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Common App Sets Goal to Increase Reach to Low-Income Students, Publishes Findings of Pilot Programs

The nonprofit Common App, which offers an online tool that many students use when looking to pursue an undergraduate education, is not being used by enough students who are from lower-income backgrounds, according to the organization’s inaugural Equity Innovations Guide.

The organization is making deliberate moves to fix that disparity.

According to the report – launched this May – Common App as an organization has more than 1,000 colleges in its network and has reached 1.4 million students during the 2022-23 application cycle year. But only 30% were those from below-median income ZIP codes, said Emma Steele, director of media and external affairs at Common App.

“There was a huge gap in below-median income students who were using our platform,” said Steele, adding that Common App measures its equity gap by comparing its student numbers to census data and the U.S. labor force.

Emma SteeleEmma SteeleIn the 2021-22 application cycle, Common App reached 350,000 below-median income students. And if the organization keeps at that pace and changes nothing about how it does things, that equity gap between students of different income levels won’t be closing, said Stephanie Sample, Common App’s vice president of communications. If business continues on as usual, the network is projected to only reach 200,000 more below-median income students by 2030, she added.

Instead, as of last September, Common App launched Next Chapter, a collective effort for the organization and its partners to get 650,000 more low- and middle-income students to create accounts on and submit applications through its platform by 2030. 

This first Equity Innovations Guide illustrates results the organization has gathered from pilots and initiatives it had implemented over the years on matters of college admissions, financial aid, and equity. The guide is meant to communicate the efforts Common App has been undertaking and would like to scale up, Sample said.

Common App intends to update this guide annually, tracking the progress of ongoing initiatives and introducing new ones, according to Steele.

"We will highlight promising pilots and practices happening at our member institutions, in high schools, and by partner organizations that help all students connect to postsecondary opportunities," Common App President Dr. Jenny Rickard said in the report's introduction.

One of these pilots was Common App’s Direct Admissions Program, which proactively admitted qualifying first-generation and middle-to-low-income students into the program’s network of schools on a conditional basis.

The goal of the pilot – three took place from 2021-22 with up to 13 participating colleges – was to “bridge the gap between high school and higher education,” according to the report. The three pilots showed similar results, including that students receiving these direct admission offers being more likely to apply to the offering school and that Black and Latinx students and those from below-median income ZIP codes were most affected.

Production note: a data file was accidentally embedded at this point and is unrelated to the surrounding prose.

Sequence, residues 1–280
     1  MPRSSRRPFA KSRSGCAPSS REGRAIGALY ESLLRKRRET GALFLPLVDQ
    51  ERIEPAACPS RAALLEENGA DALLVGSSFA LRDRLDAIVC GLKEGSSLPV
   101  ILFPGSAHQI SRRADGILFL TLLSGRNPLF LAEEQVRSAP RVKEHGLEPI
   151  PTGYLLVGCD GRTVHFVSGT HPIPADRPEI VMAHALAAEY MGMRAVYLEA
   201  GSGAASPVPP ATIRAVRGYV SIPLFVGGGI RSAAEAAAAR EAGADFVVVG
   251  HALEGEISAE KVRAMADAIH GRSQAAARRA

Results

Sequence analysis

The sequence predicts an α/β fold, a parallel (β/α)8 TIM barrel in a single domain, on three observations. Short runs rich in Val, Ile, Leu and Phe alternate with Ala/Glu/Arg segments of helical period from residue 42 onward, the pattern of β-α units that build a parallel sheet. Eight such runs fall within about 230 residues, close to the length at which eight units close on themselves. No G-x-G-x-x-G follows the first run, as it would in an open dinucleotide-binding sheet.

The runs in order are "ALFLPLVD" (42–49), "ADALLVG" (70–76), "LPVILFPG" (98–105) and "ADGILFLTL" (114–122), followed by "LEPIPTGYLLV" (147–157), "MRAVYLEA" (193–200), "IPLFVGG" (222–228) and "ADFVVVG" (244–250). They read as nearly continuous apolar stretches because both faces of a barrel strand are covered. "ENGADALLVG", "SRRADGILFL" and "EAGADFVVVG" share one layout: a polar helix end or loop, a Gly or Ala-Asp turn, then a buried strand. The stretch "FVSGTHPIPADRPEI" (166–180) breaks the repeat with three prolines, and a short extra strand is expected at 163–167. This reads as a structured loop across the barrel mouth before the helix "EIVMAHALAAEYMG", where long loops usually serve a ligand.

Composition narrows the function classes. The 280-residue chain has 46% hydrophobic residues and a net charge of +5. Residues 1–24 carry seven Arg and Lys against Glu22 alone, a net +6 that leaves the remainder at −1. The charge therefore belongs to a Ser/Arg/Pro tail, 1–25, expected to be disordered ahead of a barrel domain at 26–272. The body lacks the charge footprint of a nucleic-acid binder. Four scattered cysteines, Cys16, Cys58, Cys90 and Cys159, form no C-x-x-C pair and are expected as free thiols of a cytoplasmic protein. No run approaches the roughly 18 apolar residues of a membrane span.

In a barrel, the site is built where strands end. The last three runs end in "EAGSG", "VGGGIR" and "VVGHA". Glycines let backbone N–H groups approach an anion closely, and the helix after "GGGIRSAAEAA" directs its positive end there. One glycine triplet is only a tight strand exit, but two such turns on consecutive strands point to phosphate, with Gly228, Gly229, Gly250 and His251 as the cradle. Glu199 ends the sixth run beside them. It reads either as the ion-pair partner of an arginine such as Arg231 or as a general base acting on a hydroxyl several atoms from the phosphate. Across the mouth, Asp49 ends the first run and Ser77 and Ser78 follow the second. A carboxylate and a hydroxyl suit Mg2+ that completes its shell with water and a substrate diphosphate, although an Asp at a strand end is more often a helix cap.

“The college admissions process is stressful in general,” Steele said. “So, when you're having a college tell you that they want you and that you're accepted [and] all you have to do is fill out the application, I think that instills a lot of confidence.

“We've had a lot of student quotes saying that they really appreciated the offer and that it also opened up for them opportunities to schools they might not have considered in the past.”

Spurred on by these findings, Common App then launched a full-scale, 71-school version of this program in Fall 2023. More than 400,000 first-generation and low-to-middle-income students have since been sent direct admissions offers, and the hope is to expand and continue the program for the next cycle.

Another of Common App’s projects is a way to get money and scholarships in the hands of underrepresented minority students and low-income students to help them afford college. Partnering with Scholarship America, Common App attempted to match these students with available private scholarships per a new financial aid feature on its application.

“There's so much money that gets left on the table every year in private scholarships that students don't access,” Steele said. “The goal was to really partner with our reach and Scholarship America's partnerships with different scholarship programs and to match students to those scholarships."

According to the report, the third pilot of this particular endeavor reached more than 70,000 racially underrepresented and fee waiver-eligible students and resulted in more than $350,000 given to underrepresented students.

It also boosted first-generation student application rates by 16% and Black, Latino, and Indigenous application rates to participating scholarships by 11%.

In addition to its pilots and initiatives, Common App engaged in research about the student communities it’s trying to cater to. Some of its recent research looked into the different ways in which first-generation students are defined and whether that may affect student performance.

For instance, the average GPA of first-generation students whose parents hold associate degrees was higher than that of first-generation students with a single parent who didn’t go to college, according to one of Common App’s reports.


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